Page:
182 CLR 272, p 297.

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some degree of consensus among lawyers and philosophers regarding its
relevance and significance, notwithstanding the gulf that normally exists
between sentencing and theories of punishment. As is discussed below, the
High Court of Australia has declared that it is the primary objective of
sentencing and many philosophers have expressed similar sentiments
concerning its importance in a system of punishment.

The proportionality principle has proved so alluring that, in many parts of
the Western world, it is one of the main goals of sentencing. Despite this,
sentences vary markedly not only across, but also within jurisdictions: ‘... the
same offender can be sentenced to 200 years in one country, whereas he
would be sentenced to 15 years in another.’3 The main reason that adoption of
the proportionality principle has not facilitated uniform sanctions for like
offences is because the principle is poorly defined and understood. There is
consensus only in abstract. The principle is so nebulous that it would be
misleading to assert that it provides a meaningful guide to sentencers. In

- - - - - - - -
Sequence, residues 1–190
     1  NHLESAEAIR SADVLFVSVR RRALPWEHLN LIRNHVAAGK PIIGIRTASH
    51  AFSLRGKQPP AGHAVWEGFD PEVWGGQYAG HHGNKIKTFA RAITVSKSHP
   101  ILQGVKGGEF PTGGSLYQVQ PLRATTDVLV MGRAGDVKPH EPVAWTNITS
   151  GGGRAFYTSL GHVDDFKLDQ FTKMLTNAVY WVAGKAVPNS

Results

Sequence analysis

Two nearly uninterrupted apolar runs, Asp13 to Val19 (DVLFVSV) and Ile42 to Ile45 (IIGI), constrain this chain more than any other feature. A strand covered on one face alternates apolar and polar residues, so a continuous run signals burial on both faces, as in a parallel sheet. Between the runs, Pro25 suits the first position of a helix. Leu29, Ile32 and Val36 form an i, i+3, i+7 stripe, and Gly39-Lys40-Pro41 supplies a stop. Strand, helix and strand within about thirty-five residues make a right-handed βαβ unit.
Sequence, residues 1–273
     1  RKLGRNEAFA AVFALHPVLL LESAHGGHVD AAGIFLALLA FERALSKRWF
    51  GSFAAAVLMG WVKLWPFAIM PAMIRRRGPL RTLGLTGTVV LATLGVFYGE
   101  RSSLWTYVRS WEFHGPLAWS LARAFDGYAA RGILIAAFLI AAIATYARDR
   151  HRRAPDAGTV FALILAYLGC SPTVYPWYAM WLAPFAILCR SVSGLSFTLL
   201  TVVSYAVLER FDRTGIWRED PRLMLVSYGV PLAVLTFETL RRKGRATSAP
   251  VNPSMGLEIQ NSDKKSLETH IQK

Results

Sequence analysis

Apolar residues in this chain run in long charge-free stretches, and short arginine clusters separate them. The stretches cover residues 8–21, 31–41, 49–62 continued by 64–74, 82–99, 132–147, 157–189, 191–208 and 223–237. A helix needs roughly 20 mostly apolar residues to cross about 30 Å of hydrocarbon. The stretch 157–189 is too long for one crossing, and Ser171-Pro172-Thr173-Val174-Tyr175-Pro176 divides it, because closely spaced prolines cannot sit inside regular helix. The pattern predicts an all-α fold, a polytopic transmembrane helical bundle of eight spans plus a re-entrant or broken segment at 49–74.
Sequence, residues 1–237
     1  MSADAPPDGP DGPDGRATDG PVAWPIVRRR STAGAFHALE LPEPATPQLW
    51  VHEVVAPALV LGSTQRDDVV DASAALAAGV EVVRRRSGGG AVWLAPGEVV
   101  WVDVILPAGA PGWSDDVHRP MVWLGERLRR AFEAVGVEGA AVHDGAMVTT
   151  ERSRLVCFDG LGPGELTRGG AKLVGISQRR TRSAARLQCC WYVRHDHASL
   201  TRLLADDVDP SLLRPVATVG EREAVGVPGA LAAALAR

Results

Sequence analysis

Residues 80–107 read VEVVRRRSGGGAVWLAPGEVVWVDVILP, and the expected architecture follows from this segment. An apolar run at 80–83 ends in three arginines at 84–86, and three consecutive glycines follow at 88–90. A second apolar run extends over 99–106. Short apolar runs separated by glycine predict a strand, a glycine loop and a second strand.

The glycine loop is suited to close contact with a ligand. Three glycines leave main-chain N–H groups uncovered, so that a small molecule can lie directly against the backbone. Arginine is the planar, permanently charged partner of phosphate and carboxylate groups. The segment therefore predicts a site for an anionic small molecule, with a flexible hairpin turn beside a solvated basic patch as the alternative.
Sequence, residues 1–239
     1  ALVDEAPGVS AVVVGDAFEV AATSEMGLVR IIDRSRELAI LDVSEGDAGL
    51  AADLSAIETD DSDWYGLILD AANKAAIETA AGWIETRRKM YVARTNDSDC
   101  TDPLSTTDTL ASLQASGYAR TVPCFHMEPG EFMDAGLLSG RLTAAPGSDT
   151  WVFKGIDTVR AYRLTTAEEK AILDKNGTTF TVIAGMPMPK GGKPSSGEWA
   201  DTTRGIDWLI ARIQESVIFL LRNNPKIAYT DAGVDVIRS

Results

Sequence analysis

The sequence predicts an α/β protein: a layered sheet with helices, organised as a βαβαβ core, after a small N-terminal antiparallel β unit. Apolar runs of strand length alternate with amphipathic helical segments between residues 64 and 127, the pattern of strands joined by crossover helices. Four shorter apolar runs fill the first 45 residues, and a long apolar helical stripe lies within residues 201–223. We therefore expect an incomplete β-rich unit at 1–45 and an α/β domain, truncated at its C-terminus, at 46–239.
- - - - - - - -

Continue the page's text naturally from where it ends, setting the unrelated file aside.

order to get to the bottom of proportionality, it is necessary to determine the
factors that are relevant to the seriousness of the offence and how offence
severity should be gauged. This can only be done in light of an understanding
of the justification for the principle. However, this, too, is the subject of intense
debate. The primary focus of this chapter is to determine the rationale, if any,
for the principle of proportionality. Once the justification for proportionality is
ascertained, the narrower, and more pragmatic issues concerning it, such as
when, if ever, proportionality may be violated, the factors that are relevant to
the seriousness of an offence and the severity of punishment fall into place.

The first section of this chapter outlines the nature of the proportionality
principle and its present role in sentencing law and practice. After considering
some definitional matters, the factors that are relevant to the seriousness of an
offence are then analysed. This is followed by a discussion of the justification
for proportionality. Although it is traditionally believed that the utilitarian
theory of punishment is antagonistic to the principle of proportionality, it is
argued that, in fact, the utilitarian theory best underpins the proportionality
principle. A utilitarian justification for the principle also serves to provide
coherent and definitive answers to problems concerning the gravity of an